How telehealth fits into value-based care – especially when your community is a 75 mile boat trip from the mainland.
Somatix scores a win in senior living, monitoring residents at the Garden Spot retirement community in Pennsylvania.
Vital sign monitoring wearable company Current Health adds continuous glucose monitoring into the mix by partnering with Dexcom. With diabetes on the rise, and COVID-19 being more perilous for those with comorbidities, this looks like a smart play. The more relevant data you can bring into a single view for overworked nurses, the better.
Wildly controversial I’m sure: Uber offers to help out with contract tracing. So many perspectives….Many American’s would see this as an invasion of privacy no doubt. Although no doubt this data sharing is covered by the broad data sharing agreement that people just blindly swiped through when they signed up. In practice, this will cover a tiny fraction of the population – especially as Uber’s business is down by 80%. But also arguably, the sort of contact tracing action that will be necessary on a massive scale to beat the virus. Individual privacy versus public good, discuss. Personally, having lived in both Europe and the US, I can see the US struggling with the virus for longer than many European countries. The balance between individualism and the public good tilts toward public good in Western Europe.
Pandemic or not, digital health funding is still on a tear, with H1 funding being a record breaker. Two noteworthy trends for me. First, on-demand healthcare services are the most heavily funded. In case you needed to know why, InfiniteMD has a 200% growth in virtual consults. Disease monitoring – which would include remote patient monitoring – has the second highest funding. The fitness and wellness segment drops to fourth, having been one of the most funded segments for five years. I think that’s a fair reflection of how priorities have shifted over the last few months. Second, the emergence of healthcare systems as a source of funding is becoming stronger. Is that a good thing or a bad thing? Too early to tell I think. My concern is healthcare systems might be aiming to monopolize emerging technologies for their own profits, and that might ultimately slow broader adoption of new solutions. In other words, health systems could become even more vertically integrated than they already are.
CB Insights has a chunky report on digital health funding too. Taking more of a global perspective, this report highlights explosive growth in Asia. And, there are 46 healthcare unicorns, and only about half of them in the US – which is maybe not what we would assume.
Expected from Google perhaps, but not a company that’s been around for almost 200 years, Wolters Kluwer uses clinicians searches and other social media data to predict coronavirus hot spots.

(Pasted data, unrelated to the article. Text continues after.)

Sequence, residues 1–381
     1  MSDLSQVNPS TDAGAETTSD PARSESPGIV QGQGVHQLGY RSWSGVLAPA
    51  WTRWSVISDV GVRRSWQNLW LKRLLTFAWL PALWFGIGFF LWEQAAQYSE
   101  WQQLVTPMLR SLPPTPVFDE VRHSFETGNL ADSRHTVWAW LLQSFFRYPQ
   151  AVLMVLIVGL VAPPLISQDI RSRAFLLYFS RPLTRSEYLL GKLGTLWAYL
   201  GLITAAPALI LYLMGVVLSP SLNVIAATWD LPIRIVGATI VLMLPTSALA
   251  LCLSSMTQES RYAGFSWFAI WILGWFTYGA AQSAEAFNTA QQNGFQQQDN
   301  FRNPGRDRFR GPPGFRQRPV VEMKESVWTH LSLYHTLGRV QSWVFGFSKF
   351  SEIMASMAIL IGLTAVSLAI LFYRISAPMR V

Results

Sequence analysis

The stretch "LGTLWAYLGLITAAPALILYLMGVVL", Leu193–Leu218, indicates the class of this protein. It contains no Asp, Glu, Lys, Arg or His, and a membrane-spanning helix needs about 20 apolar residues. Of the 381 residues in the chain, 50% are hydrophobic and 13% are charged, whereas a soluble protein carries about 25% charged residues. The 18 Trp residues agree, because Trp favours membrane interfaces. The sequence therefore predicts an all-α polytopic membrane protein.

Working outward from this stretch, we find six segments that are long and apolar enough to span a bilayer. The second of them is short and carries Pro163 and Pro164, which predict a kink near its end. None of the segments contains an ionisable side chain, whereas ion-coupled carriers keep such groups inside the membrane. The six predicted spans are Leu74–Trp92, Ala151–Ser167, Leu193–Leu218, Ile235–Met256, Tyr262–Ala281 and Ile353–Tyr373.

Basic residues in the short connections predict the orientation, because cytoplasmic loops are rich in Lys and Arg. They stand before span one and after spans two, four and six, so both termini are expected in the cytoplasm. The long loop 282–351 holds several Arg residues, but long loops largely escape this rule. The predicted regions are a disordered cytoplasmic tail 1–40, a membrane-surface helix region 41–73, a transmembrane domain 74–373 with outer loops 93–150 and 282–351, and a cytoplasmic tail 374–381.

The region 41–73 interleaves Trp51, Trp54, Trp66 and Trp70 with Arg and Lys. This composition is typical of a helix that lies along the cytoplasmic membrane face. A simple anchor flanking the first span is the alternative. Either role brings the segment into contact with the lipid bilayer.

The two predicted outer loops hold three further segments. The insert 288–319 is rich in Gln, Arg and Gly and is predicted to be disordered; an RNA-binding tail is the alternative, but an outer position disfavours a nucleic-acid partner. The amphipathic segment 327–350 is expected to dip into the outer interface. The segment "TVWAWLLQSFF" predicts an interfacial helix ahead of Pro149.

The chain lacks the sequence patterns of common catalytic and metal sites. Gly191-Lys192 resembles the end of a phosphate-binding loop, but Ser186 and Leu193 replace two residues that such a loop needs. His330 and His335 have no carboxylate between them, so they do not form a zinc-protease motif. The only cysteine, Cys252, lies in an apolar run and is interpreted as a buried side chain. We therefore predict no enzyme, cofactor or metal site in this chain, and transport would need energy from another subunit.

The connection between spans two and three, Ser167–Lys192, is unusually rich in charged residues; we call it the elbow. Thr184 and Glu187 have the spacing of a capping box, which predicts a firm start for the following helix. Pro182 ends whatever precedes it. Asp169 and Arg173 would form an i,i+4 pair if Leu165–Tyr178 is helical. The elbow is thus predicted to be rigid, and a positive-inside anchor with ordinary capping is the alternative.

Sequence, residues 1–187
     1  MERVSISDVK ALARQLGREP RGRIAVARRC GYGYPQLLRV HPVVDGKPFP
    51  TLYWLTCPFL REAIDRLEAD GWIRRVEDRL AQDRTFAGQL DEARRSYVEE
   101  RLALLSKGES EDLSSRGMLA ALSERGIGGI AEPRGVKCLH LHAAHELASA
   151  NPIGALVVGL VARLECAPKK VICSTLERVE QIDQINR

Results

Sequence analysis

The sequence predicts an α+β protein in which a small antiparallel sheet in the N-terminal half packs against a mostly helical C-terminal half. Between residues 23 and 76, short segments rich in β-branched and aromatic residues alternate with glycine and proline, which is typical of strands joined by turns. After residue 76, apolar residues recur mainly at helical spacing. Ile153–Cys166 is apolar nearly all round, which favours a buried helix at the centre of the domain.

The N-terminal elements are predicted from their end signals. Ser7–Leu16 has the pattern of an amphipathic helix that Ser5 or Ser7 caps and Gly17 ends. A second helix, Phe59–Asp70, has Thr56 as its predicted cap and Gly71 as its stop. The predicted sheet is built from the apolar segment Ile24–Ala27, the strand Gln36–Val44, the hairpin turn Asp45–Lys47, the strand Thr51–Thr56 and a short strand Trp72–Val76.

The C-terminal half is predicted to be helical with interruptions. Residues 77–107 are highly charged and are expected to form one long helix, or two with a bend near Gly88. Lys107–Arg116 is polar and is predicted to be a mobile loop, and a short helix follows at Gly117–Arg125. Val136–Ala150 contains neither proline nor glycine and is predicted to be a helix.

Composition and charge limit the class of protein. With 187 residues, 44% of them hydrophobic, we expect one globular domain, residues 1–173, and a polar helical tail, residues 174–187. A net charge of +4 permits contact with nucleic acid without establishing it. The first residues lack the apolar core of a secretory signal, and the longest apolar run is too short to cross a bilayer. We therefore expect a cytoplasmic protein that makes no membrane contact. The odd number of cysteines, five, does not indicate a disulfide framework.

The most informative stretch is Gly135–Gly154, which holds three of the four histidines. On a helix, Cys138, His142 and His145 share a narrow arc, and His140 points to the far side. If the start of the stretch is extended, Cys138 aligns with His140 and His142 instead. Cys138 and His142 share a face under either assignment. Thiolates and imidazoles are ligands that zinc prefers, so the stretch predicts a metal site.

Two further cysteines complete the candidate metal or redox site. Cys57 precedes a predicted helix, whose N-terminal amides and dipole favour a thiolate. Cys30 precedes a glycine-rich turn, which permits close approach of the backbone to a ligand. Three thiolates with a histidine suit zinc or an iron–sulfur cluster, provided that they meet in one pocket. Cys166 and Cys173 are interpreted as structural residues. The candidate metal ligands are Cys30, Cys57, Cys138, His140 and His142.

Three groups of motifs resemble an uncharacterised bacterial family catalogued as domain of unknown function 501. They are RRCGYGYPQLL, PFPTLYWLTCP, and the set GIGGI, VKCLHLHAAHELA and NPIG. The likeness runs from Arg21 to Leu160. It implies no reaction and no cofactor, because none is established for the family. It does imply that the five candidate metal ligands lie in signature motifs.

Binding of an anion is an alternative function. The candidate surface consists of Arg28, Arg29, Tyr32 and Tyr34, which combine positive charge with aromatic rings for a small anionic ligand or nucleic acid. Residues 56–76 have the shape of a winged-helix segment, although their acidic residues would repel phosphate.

Cutely named Sema4 raises $121m to push genomics and clinical data into practice – in areas such as precision oncology.
How long can this go on…? Employers aren’t happy with payers lack of transparency and foot-dragging on value-based care. The short answer is, as long as there are no viable alternatives. Direct primary care (DPC) is in its infancy, covering about 0.1% of the US population. Growing DPC is going to be really slow, as it’s very dependent on doctors making the change. And when docs do switch, they support far few patients by definition. Then there are startups like Oscar and Clover, that promise a different, more personal, but tech enabled experience. And opposing all that innovation, there’s lobbying by BCBS to maintain business as usual.
A proposal for really cheap biosensors from the University of Missouri: Pencil–paper on-skin electronics.
Solutions to the ills of healthcare don’t have to be complicated or expensive: Virtua Health cuts no-shows for oncology by 75% and improves inpatient bed availability by improving ED throughput.
Squarely focused on value-based care, Nutrimedy is kicking off a clinical trial to help people get in shape prior to total knee or hip replacement (TKA/THA). This would be attractive to providers taking financial risk, either as an Accountable Care Organization, or through a bundled payment for an episode of care. Medicare’s latest bundled payment experiment runs through 2023. I don’t have the numbers handy, but in Medicare’s prior bundled payment program hip and knee replacements were by far the most popular bundled taken on by providers. That’s because it was a relatively low risk way to dip a toe in the water of bundled payments. So, long story short: If Nutrimedy can cut the cost of rehab and complications by getting people in shape before surgery (pre-hab) that’s a cost saving for those taking financial risk. So, the provider will keep more money in its pocket.
A longer read: How to fine tune Medicare’s alternative payment model (eg. ACO’s and bundled payments) to grow participation.